7 The photographer who steals your camera So you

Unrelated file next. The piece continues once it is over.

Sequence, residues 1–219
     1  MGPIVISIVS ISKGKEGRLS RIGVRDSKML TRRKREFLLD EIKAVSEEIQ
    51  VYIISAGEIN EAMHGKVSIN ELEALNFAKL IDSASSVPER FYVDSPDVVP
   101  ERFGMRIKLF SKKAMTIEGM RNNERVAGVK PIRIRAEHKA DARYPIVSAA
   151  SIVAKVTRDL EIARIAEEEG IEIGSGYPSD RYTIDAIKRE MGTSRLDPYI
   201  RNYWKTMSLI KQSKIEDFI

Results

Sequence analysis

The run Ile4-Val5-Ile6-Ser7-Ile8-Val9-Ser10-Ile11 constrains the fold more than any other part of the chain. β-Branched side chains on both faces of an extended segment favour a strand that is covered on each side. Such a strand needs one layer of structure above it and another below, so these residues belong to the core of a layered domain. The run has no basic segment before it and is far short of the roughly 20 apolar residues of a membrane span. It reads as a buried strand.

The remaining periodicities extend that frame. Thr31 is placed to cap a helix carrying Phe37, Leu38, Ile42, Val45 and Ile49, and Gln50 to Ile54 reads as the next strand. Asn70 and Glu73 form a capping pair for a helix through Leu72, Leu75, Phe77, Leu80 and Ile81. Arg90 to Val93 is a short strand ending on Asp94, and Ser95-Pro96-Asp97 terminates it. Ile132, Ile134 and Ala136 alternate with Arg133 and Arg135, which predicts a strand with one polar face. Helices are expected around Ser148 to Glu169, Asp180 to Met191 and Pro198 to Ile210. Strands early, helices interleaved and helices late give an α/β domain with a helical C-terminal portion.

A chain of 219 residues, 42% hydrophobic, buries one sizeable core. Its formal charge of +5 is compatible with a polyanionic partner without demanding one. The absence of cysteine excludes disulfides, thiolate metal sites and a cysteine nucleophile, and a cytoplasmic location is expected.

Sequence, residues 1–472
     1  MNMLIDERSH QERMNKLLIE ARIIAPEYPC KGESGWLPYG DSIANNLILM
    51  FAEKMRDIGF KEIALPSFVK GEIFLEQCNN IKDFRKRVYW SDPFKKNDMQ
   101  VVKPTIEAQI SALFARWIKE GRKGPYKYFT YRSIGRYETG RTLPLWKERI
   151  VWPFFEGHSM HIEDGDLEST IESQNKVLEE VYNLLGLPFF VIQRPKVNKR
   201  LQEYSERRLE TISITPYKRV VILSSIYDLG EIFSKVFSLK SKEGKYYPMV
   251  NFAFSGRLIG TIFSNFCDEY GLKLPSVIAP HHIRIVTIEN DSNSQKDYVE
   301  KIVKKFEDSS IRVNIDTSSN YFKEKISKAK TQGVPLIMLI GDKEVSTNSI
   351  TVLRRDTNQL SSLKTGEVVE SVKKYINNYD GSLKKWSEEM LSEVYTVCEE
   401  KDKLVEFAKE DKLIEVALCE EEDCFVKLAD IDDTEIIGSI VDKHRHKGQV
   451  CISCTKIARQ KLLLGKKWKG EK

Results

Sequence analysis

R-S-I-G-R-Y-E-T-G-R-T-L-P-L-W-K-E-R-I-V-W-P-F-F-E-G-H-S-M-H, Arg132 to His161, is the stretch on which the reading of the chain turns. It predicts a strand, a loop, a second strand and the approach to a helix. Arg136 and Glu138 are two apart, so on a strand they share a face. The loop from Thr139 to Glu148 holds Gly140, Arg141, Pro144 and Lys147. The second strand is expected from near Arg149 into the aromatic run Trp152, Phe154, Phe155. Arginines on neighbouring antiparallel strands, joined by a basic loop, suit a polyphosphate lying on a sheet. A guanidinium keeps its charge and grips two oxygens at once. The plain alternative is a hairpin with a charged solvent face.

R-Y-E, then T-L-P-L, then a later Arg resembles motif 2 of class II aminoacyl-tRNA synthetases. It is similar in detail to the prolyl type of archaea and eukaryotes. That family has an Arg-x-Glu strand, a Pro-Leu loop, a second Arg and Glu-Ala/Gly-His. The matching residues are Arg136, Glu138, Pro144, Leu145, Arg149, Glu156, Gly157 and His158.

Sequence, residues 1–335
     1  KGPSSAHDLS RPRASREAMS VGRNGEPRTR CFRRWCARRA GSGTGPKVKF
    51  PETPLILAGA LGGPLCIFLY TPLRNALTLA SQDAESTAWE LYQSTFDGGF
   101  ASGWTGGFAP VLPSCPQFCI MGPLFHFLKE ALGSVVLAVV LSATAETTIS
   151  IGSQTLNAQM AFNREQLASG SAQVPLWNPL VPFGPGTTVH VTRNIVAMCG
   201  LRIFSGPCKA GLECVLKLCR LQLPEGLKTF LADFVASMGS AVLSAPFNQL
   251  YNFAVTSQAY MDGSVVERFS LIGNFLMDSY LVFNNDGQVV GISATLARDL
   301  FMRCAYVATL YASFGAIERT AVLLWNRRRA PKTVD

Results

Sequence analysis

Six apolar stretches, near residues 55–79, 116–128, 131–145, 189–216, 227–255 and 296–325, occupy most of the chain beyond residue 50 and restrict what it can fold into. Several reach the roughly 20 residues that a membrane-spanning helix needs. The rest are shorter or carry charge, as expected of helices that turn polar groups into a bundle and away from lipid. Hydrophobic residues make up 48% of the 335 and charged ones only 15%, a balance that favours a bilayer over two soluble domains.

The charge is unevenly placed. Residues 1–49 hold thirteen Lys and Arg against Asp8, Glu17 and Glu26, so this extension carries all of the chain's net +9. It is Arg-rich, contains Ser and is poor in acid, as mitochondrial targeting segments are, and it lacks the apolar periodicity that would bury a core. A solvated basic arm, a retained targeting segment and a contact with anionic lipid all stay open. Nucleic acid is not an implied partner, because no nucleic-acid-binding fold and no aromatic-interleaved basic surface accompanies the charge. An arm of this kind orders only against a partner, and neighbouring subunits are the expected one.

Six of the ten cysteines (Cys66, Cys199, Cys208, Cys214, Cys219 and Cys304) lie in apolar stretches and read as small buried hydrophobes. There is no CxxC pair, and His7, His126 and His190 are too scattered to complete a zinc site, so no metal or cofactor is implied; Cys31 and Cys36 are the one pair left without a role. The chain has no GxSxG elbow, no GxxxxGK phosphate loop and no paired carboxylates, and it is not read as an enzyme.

first_img7. The photographer who steals your cameraSo you and your bezzies are pulling your best poses on that gorgeous Spanish beach when someone approaches you and offers to take a group shot of you all. Hand over your camera at your peril – get unlucky and that friendly local will vanish into the sunset (with your camera in hand) in a matter of seconds. This kind of scam is especially popular at open-air attractions, where CCTV cameras are less common. We hate to say it, but this is one of the (very few) reasons selfie sticks can actually come in handy. 3. Extortionate foreign currency feesWondering how to get the best exchange rates on your holiday money? Plan in advance and shop around to find which online currency provider provides the best rate – then pick it up at the airport or get it delivered to your home. A recent survey conducted by the Post Office revealed that one-in-six travellers has been stung by poor exchange rates at airport bureaux. The same research found that around 3.65m people were charged an average of £48.57 each in non-sterling transaction charges when paying with debit or credit cards. Our advice? Put away the plastic! Skyscanner is the world’s travel search engine, helping your money go further on flights, hotels and car hire. Related7 money-saving hacks to slash the cost of UK train ticketsUK rail holidays are lovely – but train tickets can cost more than flights. These tricks give you the fast track on how to have a British rail adventure on a budget.Winners of ‘80 Scams Around the World’ book announcedWinners of ‘80 Scams Around the World’ book announcedTravel Glossary – airline jargon explainedSkyscanner has put together a list of travel-related words, phrases and acronyms to help you plan your journey. 10. Food poisoning scamsFinally, a bit of role reversal. One of the biggest travel-related scams is currently one carried out by the consumer, but it’s also the consumer who’s suffering as a result. This year, insurance companies have reported that claims for food poisoning-related illnesses experienced abroad have reached an all time high. Some food for thought: if you spent the evening downing tequila shots before waking to the mother of all headaches and a funny tummy, it’s unlikely the buffet’s to blame. “This type of claim is having a huge impact on the consumer directly, as travel agents and tour operators have to increase their package prices to cover potential increases in operating costs to try and quell the issues they’re having,” warns Fiona Macrae from Travel Insurance Explained. “Consumer disclaimers, regular independent property inspections and the recruitment of more tour reps in resorts all carry costs which will have to be passed down to the price consumers’ pay for their holiday.” 6. The distraction robberyIn busy cities and popular tourist spots, it’s common to be approached by fellow tourists asking if you’ll take their photo, or guide them to a nearby attraction. But use caution in these situations, as these requests for help are often a cover for so-called distraction crimes. In other words, while you’re doing your best Annie Liebovitz impression for that friendly backpacker who asked you to take her picture next to the Trevi fountain, her friend might just be relieving you of your wallet, passport or iPhone. This type of thief is most at home in crowded train stations, bars and airports – particularly arrivals areas, where they’ll often hone in on fresh-off-the-plane backpackers too preoccupied with finding their bearings to notice a stranger’s wandering hands. 1. Fake tickets for transportBooking a guided tour or long coach journey? Proceed with caution, or you might just discover you’ve purchased a one-way ticket to rip-off central. “A classic scam is the sale of tickets for a venue, or train or bus, which are not authentic,” says Charlie McGrath at Objective Travel Safety, a company which teaches individuals about how to stay safe when abroad. “An example is bogus travel agents in India selling train tickets or touts in Thailand selling tickets to get you into the Royal Palace in Bangkok. They’ll often say these are ‘after hours tickets’ for when the palace is closed to the general public.” The solution? Always book (online and in advance if possible) from an official retailer, and don’t be afraid to ask to see credentials if you’re purchasing tickets at the last minute.center_img 4. Damaged to hire cars caused by someone elseIt’s one of the most common car hire scams: you drop off the hire car you used to pootle around the French Riviera only to be charged for a huge dent which you know you didn’t cause.“One of the most common complaints we hear relates to customers being charged for damage to a hire car that they didn’t do,” agrees Ernesto Suarez, founder of iCarhireinsurance.com. “Customers often only find out about this when they open their credit card statement and see hundreds of pounds taken for a small scratch. Protect yourself by checking the car thoroughly at pick-up, no matter how big a rush you’re in. Check areas you might not think of, like the wheels and undercarriage, and take photos as evidence. When you drop the car off make sure a company representative signs it back to stop any nasty surprises.” 2. Taxis taking ridiculously long routesThe popularity of car-sharing services such as Uber has meant huge savings for today’s travellers, but in strange cities, it’s all too easy to find yourself at the mercy of a driver who opts for what we’ll politely call “the scenic route.” If you suspect you’re being scammed, track your location on your phone using Google Maps (you don’t need data to do this – you only need it when you enter the destination details at the start of the journey), and if you don’t feel comfortable complaining to the driver there and then, use the car-sharing app in question to log a complaint as soon as you get out the car. If you’re using a regular taxi, always insist that the metre is turned on, or agree on a fare beforehand. 9. Fake holiday listingsAfter paying upfront, you’ve turned up to that “five-star villa on the Algarve’s prettiest beach” to discover it’s actually a building site next to Portugal’s biggest waste water plant. You’re not alone. “A popular holiday scam is the listing of fake holiday accommodation listing on reputable holiday property websites,” reveals Fiona Macrae from Travel Insurance Explained. “We’re seeing more and more reports of people arriving at their holiday destination only to discover the property listing was put up by fraudsters and the dream holiday villa doesn’t actually exist. Unfortunately this type of incident isn’t usually covered by travel insurance policies.” Fiona’s advice? Never send a bank transfer directly to the property ‘owner’ and avoid booking with companies you’ve never heard of. 5. Fake moneyFake money is common in various places (currently it’s a big problem in certain South and Central American countries, often as a result of drug cartels’ involvement in money laundering). Shopkeepers will often refuse notes of larger denominations because of this, but at the same time, unscrupulous shop staff and waiters will often see tourists as an opportunity to offload fake currency they’ve been landed with. Always check your change before leaving the premises, in front of the member of staff who presented you with the currency in question. This is especially important with notes. Wondering how to identify fake money? A fantastic piece of kit for jet-setters is a pocket-sized UV light designed for travellers. Safescan is one of the most popular manufacturers of this type of product.last_img read more